1. Memorial:East Peckham (St. Michael) ChurchyardNorth-East corner, old ground.
2. Website:Household Brigade Lodge No. 2614.
3. Book:The (1921) Masonic Roll of Honour 1914-1918Pg.119
4. Memorial:The (1940) Scroll - WW1 Roll of Honour42A GQS

Awards & Titles:

Member of the Victorian Order

Family :

Son of Maj. E. A. Cook (11th Hussars), of Roydon Hall, Tonbridge.

Education & Career :

Professional Soldier
Major (1906)

Service Life:


Unit / Ship / Est.: 1st Life Guards 

1st Life Guards Up to August 1914, the Life Guards were stationed at barracks in Hyde Park, handily placed for the many royal guard and ceremonial duties that they were called upon to perform in London. However, despite the finery, this prestigious regiment ? formed in 1788 as the principal mounted guard of the monarch ? the Life Guards were always an active service unit whenever required. It was, of course, a regiment of the regular army. Soon after the declaration of war, one of the squadrons was detached to help form the Household Cavalry Composite Regiment, which moved to France with 4th Cavalry Brigade and saw action at Mons and in the subsequent withdrawal to and beyond the Marne, the decisive battle of the Marne, and later at Ypres. The Composite Regiment was broken up on 11 November 1914, and the squadron rejoined the regiment, which was by now itself on the Western Front. The main body crossed to Belgium, landing on 8 October 1914. Other than in the first two weeks when it was used in the traditional cavalry, for mobile reconnaissance, it fought most of the war as a dismounted force. The regiment was heavily involved at the First Battle of Ypres (October ? November 1914); Second Ypres (April-May 1915); Loos (September-October 1915) and Arras (April 1917). At other times, it took its turn in holding various sections of the front line trenches, and at other times prepared to exploit breakthroughs in battle, but opportunities rarely presented themselves. On 10 March 1918, it was detached from 7th Cavalry Brigade, with which it had served from August 1914. It was formally dismounted, and converted into the No 1 (1st Life Guards) Battalion of the Guards Machine Gun Regiment. It was while this unit was being trained at the great base camp at Etaples that it was hit by an enemy air raid ? a very frequent occurrence in the densely populated coastal area behind the front ? on 19 May 1918. The raid lasted from 10.30pm to 1am on 20 May. Shortly before midnight, two bombs fell on the Life Guards camp. No fewer than 42 men were killed, and 83 wounded, in this incident.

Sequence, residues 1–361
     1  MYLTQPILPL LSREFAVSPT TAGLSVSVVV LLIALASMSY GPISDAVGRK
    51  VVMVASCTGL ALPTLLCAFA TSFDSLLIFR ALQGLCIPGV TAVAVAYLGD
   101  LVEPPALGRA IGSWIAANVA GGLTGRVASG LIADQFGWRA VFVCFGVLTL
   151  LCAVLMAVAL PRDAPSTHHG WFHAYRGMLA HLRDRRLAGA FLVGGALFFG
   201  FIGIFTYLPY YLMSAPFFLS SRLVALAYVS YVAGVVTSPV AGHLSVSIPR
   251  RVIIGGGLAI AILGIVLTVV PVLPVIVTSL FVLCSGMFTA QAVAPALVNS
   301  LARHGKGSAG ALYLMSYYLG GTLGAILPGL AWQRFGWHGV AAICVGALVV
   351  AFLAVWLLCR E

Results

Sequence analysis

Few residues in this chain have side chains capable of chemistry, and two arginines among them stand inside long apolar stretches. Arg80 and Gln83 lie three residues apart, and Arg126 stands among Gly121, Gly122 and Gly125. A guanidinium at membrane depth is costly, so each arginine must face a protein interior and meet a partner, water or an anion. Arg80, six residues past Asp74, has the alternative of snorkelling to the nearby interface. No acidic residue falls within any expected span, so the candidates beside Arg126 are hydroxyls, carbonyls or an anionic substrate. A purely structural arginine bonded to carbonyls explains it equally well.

Action : No Data 

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Detail :

LIEUTENANT-COLONEL EDWIN BERKELEY COOK, M. V. O., COMMANDING 1st LIFE GUARDS, who died on the 4th November 1914, at Sussex House, Regent's Park, from wounds received in action near Messines, Belgium on 21st October, 1914, was the elder son of the late Major Edwin Adolphus Cook, 11th Hussars, of Roydon Hall, Tonbridge, Kent, and was born on 4th May, 1869 in London. Lieutenant-Colonel Cook, who was educated at Eton, was gazetted to the 1st Life Guards from the Militia 1890, becoming Captain in 1894, Major in 1903, and Brevet Lieutenant-Colonel in January, 1909. He served as A.D.C. and Acting Military Secretary to General Sir G. Luck in India from 189S to 1903, and succeeded to the command of his regiment in November, 1910. Lieutenant-Colonel Cook, who was a member of the Bachelors' and Arthur's Clubs, was unmarried.

Masonic :

TypeLodge Name and No.Province/District :
Mother : Household Brigade No. 2614 E.C.London

26th February 1906
30th April 1906
26th June 1906

Senior Warden

Source :

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Additional Source:

Last Updated: 2017-10-07 05:19:56